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As part of our electronic waste recycling program we collect old TVs, along with computers, stereos, video equipment, [caption id="" align="alignright" width="320"] Old broken TV (Photo credit: schmilblick)[/caption] and many, many other electronics.  When TVs arrive at our depots we have a special procedure we take when receiving and preparing them to be sent to processing plants in the B.C. interior because believe it or not, TVs are toxic. Despite international laws designed to prevent this, many developed countries send e-waste overseas to Asia and Africa. Inspections of 18 European seaports in 2005 found as much as 47 % of waste destined for export, including e-waste, was illegal. It is important that you know that when you recycle your electronic waste at Island Return It, we never send product overseas for dismantling. We use only approved facilities in North America. Older TVs Present a Special Challenge In particular, older TVs with CRTs (cathode ray tubes) need to be...

In Campbell River, Sidney and Duncan the Island Return It Recycling Centres offer a free paint exchange and recycling program from Product Care. Along with being the most cost-effective and energy-efficient alternative for handling leftover paint, the Paint Exchange puts paint where it belongs -- on buildings, walls, and fences -- and diverts it away from our sewers, dumps, and landfills. Leftover paint is given away on an as-is, as-available basis. There is no limit on the amount of paint an individual or organisation can take. Consumers using this service must sign a waiver form. To take advantage of this offer, simply visit one of the three participating Island Return It Recycling Centres and have a look at the paint rack which is usually in a very prominent place up front. Once you've selected your paint bring it up to the counter where one of our friendly staff members will give you Product Care's...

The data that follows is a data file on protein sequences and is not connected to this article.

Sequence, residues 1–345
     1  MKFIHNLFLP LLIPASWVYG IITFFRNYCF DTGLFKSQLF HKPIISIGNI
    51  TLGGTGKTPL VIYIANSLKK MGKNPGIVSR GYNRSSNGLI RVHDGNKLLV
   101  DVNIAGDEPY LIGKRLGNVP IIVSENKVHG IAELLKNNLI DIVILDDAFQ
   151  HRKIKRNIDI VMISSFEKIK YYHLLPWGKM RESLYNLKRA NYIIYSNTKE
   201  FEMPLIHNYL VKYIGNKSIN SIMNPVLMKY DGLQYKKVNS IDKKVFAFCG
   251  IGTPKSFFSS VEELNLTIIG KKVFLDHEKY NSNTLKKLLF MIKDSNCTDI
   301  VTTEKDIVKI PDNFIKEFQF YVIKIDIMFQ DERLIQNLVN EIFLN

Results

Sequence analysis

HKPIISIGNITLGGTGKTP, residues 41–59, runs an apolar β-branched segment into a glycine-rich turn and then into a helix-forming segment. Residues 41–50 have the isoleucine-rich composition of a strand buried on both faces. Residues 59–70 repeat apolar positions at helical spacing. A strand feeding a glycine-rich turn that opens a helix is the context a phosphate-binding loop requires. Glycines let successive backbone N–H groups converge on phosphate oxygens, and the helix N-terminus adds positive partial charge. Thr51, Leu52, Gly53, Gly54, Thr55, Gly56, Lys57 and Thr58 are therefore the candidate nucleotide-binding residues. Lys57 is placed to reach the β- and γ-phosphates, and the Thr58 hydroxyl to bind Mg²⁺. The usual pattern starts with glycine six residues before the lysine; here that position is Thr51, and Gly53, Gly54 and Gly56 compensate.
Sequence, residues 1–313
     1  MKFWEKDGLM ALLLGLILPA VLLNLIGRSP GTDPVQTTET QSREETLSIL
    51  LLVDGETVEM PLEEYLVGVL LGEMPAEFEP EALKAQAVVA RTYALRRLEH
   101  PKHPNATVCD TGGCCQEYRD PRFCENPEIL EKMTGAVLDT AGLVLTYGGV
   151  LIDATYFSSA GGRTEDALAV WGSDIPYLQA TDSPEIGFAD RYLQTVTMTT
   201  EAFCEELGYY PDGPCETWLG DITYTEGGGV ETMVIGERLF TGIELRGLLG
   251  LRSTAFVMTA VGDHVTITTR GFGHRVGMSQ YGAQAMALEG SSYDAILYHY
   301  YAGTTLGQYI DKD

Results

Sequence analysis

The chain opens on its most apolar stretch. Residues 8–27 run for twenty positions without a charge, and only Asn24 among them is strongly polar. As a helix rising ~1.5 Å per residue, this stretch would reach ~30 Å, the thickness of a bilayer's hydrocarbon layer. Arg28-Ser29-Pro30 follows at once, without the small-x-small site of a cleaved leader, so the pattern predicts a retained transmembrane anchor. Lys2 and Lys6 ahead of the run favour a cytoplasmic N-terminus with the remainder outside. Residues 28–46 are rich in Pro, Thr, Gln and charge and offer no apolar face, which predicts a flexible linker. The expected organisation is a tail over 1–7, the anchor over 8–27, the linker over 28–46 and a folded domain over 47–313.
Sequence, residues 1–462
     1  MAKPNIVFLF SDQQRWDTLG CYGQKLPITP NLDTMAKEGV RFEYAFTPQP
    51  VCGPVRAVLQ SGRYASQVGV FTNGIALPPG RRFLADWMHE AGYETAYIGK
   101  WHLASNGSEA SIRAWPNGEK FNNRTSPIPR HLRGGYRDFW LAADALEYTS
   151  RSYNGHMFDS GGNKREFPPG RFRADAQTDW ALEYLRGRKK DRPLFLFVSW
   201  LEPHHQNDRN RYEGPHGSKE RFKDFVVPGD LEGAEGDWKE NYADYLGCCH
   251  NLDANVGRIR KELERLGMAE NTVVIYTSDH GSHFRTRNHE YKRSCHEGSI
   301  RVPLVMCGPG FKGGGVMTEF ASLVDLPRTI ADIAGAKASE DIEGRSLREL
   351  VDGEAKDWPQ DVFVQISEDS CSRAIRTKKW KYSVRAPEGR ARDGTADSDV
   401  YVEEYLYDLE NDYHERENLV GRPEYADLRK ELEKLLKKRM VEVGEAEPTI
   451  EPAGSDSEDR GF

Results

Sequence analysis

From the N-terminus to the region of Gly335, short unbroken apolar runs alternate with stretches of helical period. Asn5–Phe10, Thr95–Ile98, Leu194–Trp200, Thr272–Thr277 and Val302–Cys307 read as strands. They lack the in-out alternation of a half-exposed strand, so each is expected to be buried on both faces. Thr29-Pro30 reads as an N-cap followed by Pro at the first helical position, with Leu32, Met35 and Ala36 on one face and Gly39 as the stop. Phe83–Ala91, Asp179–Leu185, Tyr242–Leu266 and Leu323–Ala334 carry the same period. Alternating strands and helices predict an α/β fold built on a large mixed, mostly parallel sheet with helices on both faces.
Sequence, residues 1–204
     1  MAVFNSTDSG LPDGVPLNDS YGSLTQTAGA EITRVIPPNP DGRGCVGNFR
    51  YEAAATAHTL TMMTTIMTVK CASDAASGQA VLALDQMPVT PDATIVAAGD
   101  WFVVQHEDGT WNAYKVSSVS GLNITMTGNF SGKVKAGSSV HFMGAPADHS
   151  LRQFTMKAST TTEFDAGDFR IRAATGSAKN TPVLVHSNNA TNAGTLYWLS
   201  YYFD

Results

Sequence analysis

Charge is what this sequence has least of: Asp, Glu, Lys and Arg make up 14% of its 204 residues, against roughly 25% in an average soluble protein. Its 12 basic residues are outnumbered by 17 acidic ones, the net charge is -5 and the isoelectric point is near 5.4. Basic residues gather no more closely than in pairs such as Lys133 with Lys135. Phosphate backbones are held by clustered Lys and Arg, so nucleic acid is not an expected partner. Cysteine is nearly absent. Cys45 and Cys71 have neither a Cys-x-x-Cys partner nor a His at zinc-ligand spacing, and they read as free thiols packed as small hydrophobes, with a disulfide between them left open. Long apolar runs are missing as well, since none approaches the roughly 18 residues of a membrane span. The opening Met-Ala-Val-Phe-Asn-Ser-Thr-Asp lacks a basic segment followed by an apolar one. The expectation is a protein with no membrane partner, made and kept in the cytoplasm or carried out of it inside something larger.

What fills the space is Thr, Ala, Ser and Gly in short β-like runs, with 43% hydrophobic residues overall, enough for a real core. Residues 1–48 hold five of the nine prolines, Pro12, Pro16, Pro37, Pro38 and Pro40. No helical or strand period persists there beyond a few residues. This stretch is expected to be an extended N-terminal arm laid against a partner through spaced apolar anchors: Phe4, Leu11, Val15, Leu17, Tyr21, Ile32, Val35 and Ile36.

The concept of recycling has been around for ages, generations have grown up learning about the three Rs (Reduce, Reuse & Recycle) and (at least in this part of the world) there is a negative association with not recycling. Having said that, we know that there is a lot of miss-communication, half truths and gray areas around recycling and we would like to help set the record straight on a few of these recycling myths. [caption id="" align="alignright" width="400"] (Photo credits: www.recyclereminders.com)[/caption] Myth #1 - Recycling is the Only Way to Reduce Trash While recycling is a really great way to reduce trash you can also tackle this issue by shopping mindfully. For example, do you really need the product with all the extra packaging? Could you choose an alternative product to the one packed in Styrofoam? Can you buy in bulk? Can you purchase reusable items instead? Another simple way to reduce your...

Have you ever had an experience like this: You arrive at your local Island Return It Recycling Centre with a load of empty bottles and cans to recycle. Once you've sorted them, you bring them up to the counter where a staff member counts them and tallies up your refund. Except, first she pulls a few cans out and explains that while she can recycle them, there is no deposit on them to refund. You most likely felt confused and bewildered.  In this blog post, I would like to explain why some cans have deposits and some do not. It's not a matter of international borders (we don't discriminate), it has nothing to do with individual bottle depots or recycling centres and it most certainly is not a preferential thing either. However please keep in mind: this information applies only to B.C. recycling centres. It's much simpler than that. Whether or not you get...

We get it, recycling can be messy and sticky and even stinky so we would like to offer you a few suggestions to help make your trip to Island Return It Recycling Centre as simple as possible. Make It A Habit When you do the dishes at after dinner, make it a habit to use the rinse water to rinse out empty bottles and cans. Do them all together as you do other chores so that it doesn't feel as though you're always rinsing out the recycling. A book called "Psycho-Cybernetics" first published in the 1970s suggests that if you repeat an action regularly for 21 days it will become a habit. While there is no clinical evidence based on controlled experiments to support this theory it has been repeated often enough that we feel obligated to mention it. Habit, I suppose. A Dedicated Space [caption id="attachment_189" align="alignright" width="225"] image credit: limelightinteriors.blogspot.com[/caption] Find a spot in...